Ketamine, which does not fall under the category of analgesia, can be used as an adjunct therapy for hyperalgesia or persistent post-operative pain unresponsive to opioids.6 The recommended dose is a bolus of 0.5mg/kg followed for by a CRI at 0.1-0.6mcg/kg/min.5

If the patient can tolerate (and adequately absorb) oral medications, gabapentin, tramadol, or an NSAID can be started before the patient is off intravenous medications, providing a smooth transition from intravenous to oral pain management. Tramadol has fallen out of favor as a stand-alone analgesic unless used for mild pain. Gabapentin, while still controversial, has taken tramadol’s place as the go-to analgesic to send home with patients. The combination of gabapentin with an NSAID (i.e. carprofen in dogs or meloxicam in cats) will likely provide adequate pain relief for patients when they are discharged. 

Nursing care

Nursing care is vitally important. Performing PROM and massage will contribute to patient comfort as will ensuring the animal has a comfortable bed, is being rotated (if recumbent), and is in a comfortable position. Nurses can advocate for their patients by asking for additional analgesics, placement of a urinary catheter in recumbent patients, or the removal of any tubes or drains no longer necessary. If placement of a urinary catheter is contraindicated, monitoring the patient’s urination and expressing the urinary bladder as needed should alleviate anxiety and increase the patient’s comfort.

Reducing stress reduces anxiety and allows patients to relax, enabling pain medications to be more effective. Housing cats away from barking dogs or noisy areas and giving them a box to hide in will help relieve stress. If the patient is finally comfortable and a scheduled treatment is not time sensitive, it is advantageous to wait, allowing the patient to rest. Cats can be given gabapentin to mitigate stress and fear, as well as provide post-operative analgesia.4 Some dogs will benefit from trazadone for anxiety.5

Technicians should be trained to calculate dosages quickly and accurately as most patients are painful when they come in and need pain medications quickly. While there are several CRI calculators available, the ability to calculate a CRI is a valuable skill and technicians should be encouraged to learn and perfect this skill.

Pain management can be a challenging aspect of veterinary medicine. The variety of medications available provide the clinician with a multitude of options, which can be tailored to each individual patient’s needs. Client education can increase compliance and the comfort of their pets, which increases their satisfaction. Each patient should be looked at as an individual and falling into the rut of treating each patient the same should avoided.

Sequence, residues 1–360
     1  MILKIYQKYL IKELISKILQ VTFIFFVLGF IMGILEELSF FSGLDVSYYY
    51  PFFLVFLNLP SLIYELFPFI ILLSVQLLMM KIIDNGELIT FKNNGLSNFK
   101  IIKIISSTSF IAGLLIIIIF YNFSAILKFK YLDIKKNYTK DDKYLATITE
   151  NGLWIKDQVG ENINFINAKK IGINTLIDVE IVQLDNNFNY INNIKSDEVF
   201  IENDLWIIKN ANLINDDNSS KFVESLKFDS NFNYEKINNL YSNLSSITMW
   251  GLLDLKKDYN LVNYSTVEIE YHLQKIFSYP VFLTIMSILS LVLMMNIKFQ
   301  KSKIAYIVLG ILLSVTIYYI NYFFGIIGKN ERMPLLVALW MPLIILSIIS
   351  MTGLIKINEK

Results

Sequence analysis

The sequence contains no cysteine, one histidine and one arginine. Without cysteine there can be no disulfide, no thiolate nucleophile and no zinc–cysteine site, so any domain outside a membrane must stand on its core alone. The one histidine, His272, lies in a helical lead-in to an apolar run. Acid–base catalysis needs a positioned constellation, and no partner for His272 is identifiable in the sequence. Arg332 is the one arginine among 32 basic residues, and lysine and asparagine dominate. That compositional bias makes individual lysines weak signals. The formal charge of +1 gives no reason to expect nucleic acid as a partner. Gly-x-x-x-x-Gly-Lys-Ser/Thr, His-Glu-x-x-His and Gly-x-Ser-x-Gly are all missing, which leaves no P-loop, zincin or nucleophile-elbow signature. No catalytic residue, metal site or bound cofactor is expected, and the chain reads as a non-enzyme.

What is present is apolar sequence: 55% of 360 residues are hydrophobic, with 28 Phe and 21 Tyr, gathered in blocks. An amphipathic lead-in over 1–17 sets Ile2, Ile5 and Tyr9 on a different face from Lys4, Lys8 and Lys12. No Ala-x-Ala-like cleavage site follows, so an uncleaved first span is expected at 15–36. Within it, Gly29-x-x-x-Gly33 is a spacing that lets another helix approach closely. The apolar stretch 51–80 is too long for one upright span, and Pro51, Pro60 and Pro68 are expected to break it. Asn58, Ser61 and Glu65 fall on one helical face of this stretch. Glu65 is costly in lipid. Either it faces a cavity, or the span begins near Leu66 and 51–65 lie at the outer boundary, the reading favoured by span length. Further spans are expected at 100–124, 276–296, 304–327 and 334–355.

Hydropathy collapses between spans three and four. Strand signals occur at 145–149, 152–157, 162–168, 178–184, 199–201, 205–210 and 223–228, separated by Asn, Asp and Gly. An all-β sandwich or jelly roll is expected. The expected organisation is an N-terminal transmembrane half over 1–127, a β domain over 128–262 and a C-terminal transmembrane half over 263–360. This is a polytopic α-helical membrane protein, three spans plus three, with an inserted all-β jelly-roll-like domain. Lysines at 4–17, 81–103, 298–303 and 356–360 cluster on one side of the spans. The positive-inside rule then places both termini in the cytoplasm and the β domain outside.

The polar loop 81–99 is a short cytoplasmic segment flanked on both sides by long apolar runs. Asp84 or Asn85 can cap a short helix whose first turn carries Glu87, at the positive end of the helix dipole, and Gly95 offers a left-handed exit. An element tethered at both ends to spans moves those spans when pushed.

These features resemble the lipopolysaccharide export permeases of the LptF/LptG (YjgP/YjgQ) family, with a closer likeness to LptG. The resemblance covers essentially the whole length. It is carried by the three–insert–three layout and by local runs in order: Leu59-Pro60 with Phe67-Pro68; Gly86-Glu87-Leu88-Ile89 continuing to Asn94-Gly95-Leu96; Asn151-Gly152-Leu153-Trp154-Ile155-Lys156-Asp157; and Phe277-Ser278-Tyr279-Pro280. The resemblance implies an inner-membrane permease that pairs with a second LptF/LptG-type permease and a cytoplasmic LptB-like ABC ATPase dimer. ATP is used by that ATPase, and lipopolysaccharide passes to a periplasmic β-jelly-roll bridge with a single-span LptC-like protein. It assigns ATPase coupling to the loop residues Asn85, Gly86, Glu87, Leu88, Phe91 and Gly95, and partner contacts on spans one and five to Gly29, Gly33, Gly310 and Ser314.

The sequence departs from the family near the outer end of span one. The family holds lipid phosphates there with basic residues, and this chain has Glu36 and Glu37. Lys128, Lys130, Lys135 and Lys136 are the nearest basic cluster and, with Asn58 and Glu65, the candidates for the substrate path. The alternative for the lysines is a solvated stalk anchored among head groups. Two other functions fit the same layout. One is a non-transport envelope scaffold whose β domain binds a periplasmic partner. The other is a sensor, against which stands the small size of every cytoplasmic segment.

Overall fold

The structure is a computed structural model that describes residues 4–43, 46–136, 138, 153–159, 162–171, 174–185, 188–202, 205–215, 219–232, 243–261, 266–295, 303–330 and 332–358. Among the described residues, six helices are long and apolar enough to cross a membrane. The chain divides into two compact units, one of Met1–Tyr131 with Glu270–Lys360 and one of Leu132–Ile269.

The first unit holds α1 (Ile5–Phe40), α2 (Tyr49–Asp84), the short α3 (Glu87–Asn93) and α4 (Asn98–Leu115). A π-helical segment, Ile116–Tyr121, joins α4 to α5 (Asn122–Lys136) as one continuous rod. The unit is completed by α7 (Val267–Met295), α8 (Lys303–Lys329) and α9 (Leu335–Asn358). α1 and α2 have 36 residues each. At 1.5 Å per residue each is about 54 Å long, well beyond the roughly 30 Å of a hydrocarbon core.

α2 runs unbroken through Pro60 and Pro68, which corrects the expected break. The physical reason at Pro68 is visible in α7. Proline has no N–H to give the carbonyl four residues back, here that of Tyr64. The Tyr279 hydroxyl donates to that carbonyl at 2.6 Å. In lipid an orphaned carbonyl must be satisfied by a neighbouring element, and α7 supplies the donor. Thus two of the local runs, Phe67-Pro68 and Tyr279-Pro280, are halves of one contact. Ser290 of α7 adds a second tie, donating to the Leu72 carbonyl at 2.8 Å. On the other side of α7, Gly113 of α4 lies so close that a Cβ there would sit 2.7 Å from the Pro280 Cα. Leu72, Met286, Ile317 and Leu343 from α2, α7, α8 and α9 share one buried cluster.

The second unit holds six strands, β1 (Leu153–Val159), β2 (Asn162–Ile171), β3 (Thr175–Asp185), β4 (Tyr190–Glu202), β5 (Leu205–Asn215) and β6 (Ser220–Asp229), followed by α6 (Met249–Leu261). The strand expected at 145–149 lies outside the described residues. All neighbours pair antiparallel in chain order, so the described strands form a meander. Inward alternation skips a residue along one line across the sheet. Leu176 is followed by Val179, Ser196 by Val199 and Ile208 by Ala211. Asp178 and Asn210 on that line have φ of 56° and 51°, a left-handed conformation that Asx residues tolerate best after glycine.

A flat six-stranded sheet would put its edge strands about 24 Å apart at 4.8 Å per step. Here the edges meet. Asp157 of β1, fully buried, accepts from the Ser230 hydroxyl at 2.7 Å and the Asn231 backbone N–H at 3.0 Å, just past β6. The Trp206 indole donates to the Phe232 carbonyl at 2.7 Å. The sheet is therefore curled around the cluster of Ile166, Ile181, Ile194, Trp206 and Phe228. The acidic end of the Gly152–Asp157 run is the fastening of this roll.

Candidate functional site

Brandy Tabor, CVT, VTS (ECC), graduated from Colorado State University in the spring of 2003 with a BS in equine sciences. While attending CSU, she worked as a nurse’s assistant in the critical care unit at the Colorado State University Veterinary Teaching Hospital, where she learned how far one can go as a veterinary technician. Upon graduating from the veterinary technician program at Front Range Community College, Tabor moved to Parker, Colo., and began her career as a CVT at Animal Emergency & Specialty Center. She is currently the head technician of the ER/ICU at AESC. She had the honor of becoming a member of the Academy of Veterinary Emergency & Critical Care Technicians and Nurses in 2008.

References

  1. Ashley J. Wiese, B., William W. Muir III, & Thomas E. Wittum, P. Characteristics of pain and response to analgesic treatment in dogs and cats examined at a veterinary teaching hospital emergency service. Journal of the American Veterinary Medical Association. 2005 June
  2. James S. Gaynor, Handbook of Veterinary Pain Management. 3rd ed. 2015. Elsevier Mosby.
  3. Simon BT, Perceptions and opinions of pet owners in the United Sates about surgery, pain management, and anesthesia in dogs and cats. Veterinary Surgery. 2018 47(2), pp. 277-284. July
  4. Paulo V. Steagall, 2020. Analgesia What Makes Cats Different/Challenging and What is Critical for Cats?. Veterinary Clinics of North America Small Animal Practice. 2020. 50(4), pp. 749-767.
  5. Anon., 2021. Plumb’s Veterinary Drugs, s.l.: Brief Media.
  6. Merk E. Epstein, Ketamine: To Use or Not to Use for Pain Management. Today’s Veterinary Practice. 2011 Vol. July/August.